Professor Jeffrey Hopwood earned
a Ph.D. in Electrical Engineering from Michigan
State University in 1990 where he studied electron cyclotron resonance
plasmas. He also received the M.S. and B.S. degrees from MSU in 1987 and
1985, respectively. He joined IBM at the T. J. Watson Research Center in
1991 as a Post-Doctoral Fellow in the Advanced Materials Laboratory.
Following this Post-Doc, he joined Northeastern University in 1993 and
was promoted to the rank of full professor in 2006. He became a member of
Tufts' Electrical and Computer Engineering Department in September 2006.
Dr. Hopwood has worked primarily in the fields of plasma processing and
plasma source design. His current research interests include
microplasma-based environmental sensors and novel plasma processes for
the fabrication of nanoscale devices. Other research interests are plasma
etching and deposition processes for integrated circuit fabrication,
ionized physical vapor deposition (I-PVD), and plasma deposition of
Dr. Alan Hoskinson is a Research Professor in the department
of electrical and computer engineering.
He earned the Ph.D. in Nuclear Engineering and Engineering
Physics, with a minor in Electrical Engineering from the University of
Wisconsin in 2009 where he studied DBD plasma actuators. He is currently examining microplasma
physics and applications.
investigating the internal structure of microplasmas using various
diagnostic methods including laser diode absorption. He is also studying the interaction of microwave
energy with microdischarges. For
his MS degree he worked in plasma-enhanced atomic layer deposition
methods for nanoelectronic devices. He is particularly interested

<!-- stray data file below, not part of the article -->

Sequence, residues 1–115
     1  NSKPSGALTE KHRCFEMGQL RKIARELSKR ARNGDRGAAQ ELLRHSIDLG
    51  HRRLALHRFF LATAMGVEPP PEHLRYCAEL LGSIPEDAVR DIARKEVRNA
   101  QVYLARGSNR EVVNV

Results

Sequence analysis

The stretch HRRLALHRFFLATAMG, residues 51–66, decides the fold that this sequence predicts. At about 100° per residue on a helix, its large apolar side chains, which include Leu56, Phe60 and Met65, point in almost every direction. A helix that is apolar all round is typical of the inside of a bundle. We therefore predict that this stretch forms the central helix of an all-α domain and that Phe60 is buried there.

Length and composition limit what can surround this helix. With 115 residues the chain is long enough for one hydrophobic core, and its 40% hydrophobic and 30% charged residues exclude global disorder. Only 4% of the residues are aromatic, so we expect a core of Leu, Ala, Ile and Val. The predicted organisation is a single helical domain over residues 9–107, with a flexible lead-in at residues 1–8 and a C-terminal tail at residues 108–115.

in the role that inert-gas metastable atoms play in the desorption of
hydrogen from semiconductor surfaces.
Chen Wu is a Ph.D student
investigating the stability of long linear arrays of microplasma. We don’t have his picture yet, so we’re
showing you his 110-mm long array of atmospheric pressure argon
Jun Xue's research investigates
the charging and concentration of environmental nanoparticles using a
microplasma trap. These trapped nanoparticles can then be detected
and sorted using more conventional methods. This capability is
essential as a diagnostic
tool for both nanomanufacturing processes that are expected to produce
close-tolerance nanoparticles and as an environmental monitor. Dr. Xue is currently a researcher at
Agilent Labs in Santa Clara, CA.
Bu is studying
the fundamental properties of helium microplasmas, including the effect
of electric field frequency on electron density and optical
emission. These microplasmas are used as excitation sources in
analytical chemical instrumentation, such as atomic emission
spectrometry, mass spectrometry, and gas chromatography. Vince is now a Senior RF & Electronic
Engineer at Finisar.
James Pringle's research involves
designing a microcontroller controlled RF source and control scheme for
driving a microstrip split ring resonator. The RF source will
maintain the microplasma produced by the resonator in a stable state by
adjusting the drive power and frequency. A stable microplasma
source could be used in portable gas analysers or other
applications. James is currently
working at Draper Laboratory in Cambridge, MA.
an undergraduate research assistant who used Stark broadening of optical
emission to measure electron production by an atmospheric pressure helium
microplasma. He is also the lab's webmaster. Chandler is now a PhD student in the
Renewable Energy and Applied Photonics Lab of Prof. Vandervelde at Tufts